Despite a number of residents voicing their opposition to a proposed 7-Eleven store on Spring Street and Gateside Avenue, the La Mesa City Council voted 4-1 Tuesday to approve a Design Review Board decision to move forward.
The proposed convenience store will inhabit a parcel of land that was once home to a Shell gas station, market and car wash. It has been a point of contention with neighbors for months, who are concerned that the convenience store will bring more crime to the area. The neighbors also spoke out that increased noise and lighting will devalue their homes and increase traffic congestion into the area, which is just north of the SR-94 interchange.
Judy Clark, who owns the property were the store will be, said that she and her husband have been looking for a tenant who will be a good neighbor on the property that has been vacant for a decade. She believes 7-Eleven is that tenant.
"We think they’ve done a good job and have been conscientious [of concerns]," she said.
La Mesa resident Jesus Calleros, who has long been one of the most outspoken opponents of the project, said that he has been impressed with the work the architects have been doing in terms of keeping with the city guidelines, and says that to their credit, 7-Eleven has been doing “whatever they have been asked.”
But he still has concerns with the overall look of the project, and what image it would bring to the neighbordhood.
"I believe that this one of the few properties in the city of La Mesa that is so visible," Calleros said. "There are many places where there are signs or monuments saying, welcome to the city, and we just want to make sure that 7-Eleven is going to be something that we can be proud of."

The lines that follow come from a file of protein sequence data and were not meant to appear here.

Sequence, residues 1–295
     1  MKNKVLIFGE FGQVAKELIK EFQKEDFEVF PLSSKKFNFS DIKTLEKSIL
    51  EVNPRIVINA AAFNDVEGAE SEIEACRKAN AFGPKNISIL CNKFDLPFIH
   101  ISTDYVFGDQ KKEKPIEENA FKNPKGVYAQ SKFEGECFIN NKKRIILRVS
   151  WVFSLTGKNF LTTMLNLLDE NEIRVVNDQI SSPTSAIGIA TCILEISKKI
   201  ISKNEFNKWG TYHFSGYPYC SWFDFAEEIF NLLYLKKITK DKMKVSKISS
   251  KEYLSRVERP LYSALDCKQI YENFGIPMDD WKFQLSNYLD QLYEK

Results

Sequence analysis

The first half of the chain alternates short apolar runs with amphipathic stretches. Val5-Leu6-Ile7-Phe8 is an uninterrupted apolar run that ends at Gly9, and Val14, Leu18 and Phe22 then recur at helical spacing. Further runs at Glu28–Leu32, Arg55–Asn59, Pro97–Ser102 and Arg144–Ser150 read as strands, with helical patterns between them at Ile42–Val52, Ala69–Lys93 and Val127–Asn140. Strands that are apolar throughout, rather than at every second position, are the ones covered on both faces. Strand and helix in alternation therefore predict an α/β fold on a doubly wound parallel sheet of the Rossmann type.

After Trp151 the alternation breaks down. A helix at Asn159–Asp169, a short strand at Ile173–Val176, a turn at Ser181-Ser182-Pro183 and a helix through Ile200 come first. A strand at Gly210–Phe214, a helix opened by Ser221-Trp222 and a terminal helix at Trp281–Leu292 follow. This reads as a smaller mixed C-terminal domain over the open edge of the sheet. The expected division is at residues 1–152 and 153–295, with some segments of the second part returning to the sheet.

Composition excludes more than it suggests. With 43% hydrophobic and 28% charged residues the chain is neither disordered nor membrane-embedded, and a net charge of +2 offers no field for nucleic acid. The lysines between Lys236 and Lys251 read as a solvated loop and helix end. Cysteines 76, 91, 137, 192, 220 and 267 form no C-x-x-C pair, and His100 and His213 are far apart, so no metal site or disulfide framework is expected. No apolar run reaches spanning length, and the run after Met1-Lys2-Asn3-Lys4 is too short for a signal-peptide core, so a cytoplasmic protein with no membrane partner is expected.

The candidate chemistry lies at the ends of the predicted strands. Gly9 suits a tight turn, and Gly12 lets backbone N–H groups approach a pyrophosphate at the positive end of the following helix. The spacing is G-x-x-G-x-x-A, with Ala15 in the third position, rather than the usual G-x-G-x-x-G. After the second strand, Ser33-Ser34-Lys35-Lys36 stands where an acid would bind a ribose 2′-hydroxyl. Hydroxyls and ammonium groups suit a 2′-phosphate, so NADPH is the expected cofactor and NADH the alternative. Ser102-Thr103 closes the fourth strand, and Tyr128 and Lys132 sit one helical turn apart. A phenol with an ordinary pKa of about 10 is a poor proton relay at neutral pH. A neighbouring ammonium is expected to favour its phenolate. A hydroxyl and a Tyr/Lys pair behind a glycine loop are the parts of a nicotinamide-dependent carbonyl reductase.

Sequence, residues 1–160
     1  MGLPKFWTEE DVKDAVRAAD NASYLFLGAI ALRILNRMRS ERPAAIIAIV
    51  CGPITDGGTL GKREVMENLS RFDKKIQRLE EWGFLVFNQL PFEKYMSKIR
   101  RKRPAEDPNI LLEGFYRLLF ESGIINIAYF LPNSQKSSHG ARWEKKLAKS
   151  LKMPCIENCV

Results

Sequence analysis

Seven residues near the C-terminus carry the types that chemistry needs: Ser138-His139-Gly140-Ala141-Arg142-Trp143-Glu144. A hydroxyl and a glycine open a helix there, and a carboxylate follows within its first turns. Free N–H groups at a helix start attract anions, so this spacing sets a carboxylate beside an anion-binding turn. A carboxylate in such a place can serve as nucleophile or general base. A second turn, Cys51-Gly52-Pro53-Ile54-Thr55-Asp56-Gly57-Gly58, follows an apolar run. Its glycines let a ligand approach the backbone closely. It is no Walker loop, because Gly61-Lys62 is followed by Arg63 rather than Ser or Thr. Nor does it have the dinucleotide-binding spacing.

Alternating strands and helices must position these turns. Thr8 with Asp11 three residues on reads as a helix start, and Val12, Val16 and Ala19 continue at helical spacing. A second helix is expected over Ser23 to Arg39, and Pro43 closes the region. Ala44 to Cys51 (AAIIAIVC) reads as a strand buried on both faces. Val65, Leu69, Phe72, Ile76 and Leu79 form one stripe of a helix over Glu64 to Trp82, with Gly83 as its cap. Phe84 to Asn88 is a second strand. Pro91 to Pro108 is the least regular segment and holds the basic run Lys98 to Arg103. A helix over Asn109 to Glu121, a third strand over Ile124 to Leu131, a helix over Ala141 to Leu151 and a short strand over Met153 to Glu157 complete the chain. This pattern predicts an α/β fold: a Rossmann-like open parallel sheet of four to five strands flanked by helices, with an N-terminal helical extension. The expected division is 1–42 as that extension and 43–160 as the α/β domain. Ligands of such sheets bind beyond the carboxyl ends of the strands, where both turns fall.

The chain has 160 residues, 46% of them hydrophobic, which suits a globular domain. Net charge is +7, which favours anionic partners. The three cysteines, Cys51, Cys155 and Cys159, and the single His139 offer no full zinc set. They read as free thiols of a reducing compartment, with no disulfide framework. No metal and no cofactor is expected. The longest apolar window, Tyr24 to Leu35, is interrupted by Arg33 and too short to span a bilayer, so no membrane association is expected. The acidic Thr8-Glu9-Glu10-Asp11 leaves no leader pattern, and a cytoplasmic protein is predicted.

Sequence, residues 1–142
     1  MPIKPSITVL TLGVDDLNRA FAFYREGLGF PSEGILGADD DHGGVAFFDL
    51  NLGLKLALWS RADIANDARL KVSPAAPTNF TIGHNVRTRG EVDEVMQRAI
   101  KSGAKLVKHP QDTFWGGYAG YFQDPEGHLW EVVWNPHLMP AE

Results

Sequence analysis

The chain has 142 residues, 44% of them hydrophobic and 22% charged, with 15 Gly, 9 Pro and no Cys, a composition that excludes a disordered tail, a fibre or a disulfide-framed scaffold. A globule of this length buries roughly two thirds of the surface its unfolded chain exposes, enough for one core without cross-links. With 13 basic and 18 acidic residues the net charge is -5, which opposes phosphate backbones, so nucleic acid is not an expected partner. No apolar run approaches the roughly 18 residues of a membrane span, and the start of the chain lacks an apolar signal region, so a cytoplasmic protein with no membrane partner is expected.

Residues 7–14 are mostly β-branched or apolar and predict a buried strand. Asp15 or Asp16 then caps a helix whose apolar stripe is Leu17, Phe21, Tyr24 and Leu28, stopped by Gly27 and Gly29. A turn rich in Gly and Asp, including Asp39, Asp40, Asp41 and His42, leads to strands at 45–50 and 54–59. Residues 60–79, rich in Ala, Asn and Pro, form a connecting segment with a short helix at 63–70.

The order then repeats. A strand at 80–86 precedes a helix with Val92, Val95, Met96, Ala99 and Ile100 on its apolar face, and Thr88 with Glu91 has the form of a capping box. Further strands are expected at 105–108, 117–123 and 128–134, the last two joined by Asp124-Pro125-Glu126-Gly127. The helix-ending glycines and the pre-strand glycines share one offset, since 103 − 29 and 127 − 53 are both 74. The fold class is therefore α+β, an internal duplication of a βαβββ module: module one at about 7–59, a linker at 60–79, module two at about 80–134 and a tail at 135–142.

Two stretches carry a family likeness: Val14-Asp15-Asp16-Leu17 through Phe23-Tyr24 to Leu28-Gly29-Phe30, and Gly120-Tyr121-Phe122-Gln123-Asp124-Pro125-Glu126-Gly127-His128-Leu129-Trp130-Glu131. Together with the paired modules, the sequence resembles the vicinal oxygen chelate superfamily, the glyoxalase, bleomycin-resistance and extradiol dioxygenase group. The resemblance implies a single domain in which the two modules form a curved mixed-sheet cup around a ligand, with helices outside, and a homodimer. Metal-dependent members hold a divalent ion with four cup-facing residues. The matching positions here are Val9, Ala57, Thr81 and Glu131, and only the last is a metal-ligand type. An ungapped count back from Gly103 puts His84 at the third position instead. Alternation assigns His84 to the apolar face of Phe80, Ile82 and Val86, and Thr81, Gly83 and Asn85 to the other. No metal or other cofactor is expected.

Councilmember Ruth Sterling was the lone “no” vote, and she spoke passionately that she agrees with the concerned neighbors.
"I am disappointed the Design Review Board approved this as is,'' Sterling said. "I would like to see some La Mesa charm as we enter the city. We could do much better.''
The design review board approved the project in February, saying that it met all of the zoning criteria. Designers and representatives from the corporation were onhand, and told the council that the project had much higher design standards than a typical 7-Eleven, and that they had worked hard to address concerns of neighbors and mitigate negative impacts on the area. The plan also includes a landscaping budget that is three times a normal store, which will feature the planting of more than 20 trees on the property.
“We feel that the site improvements and the building improvements are far from prototypical for a 7-Eleven,” said Tom Bergerson, property applicant for the store. “There are many things that have been added to this that have increased the construction budget quite a bit.”
The proposal includes a 2,940 square-foot building on the parcel, which Community Development Director Bill Chopyk said has been vacant for 10-12 years. It will feature 14 parking spaces, an exterior fence along Gateside Way on the backside of the property, and an additional structure that will house the store’s electrical and air conditioner systems, and dumpsters.
But Sterling disagreed.
“I’ve been around and I’ve looked at a lot of 7-Elevens, and it’s typical. It looks like all the other ones in East County.”
In the end, however, despite the opposition, the project will move forward. Construction at the site is slated to begin some time this year. Once completed, it will be the eighth 7-Eleven store within the La Mesa city limits.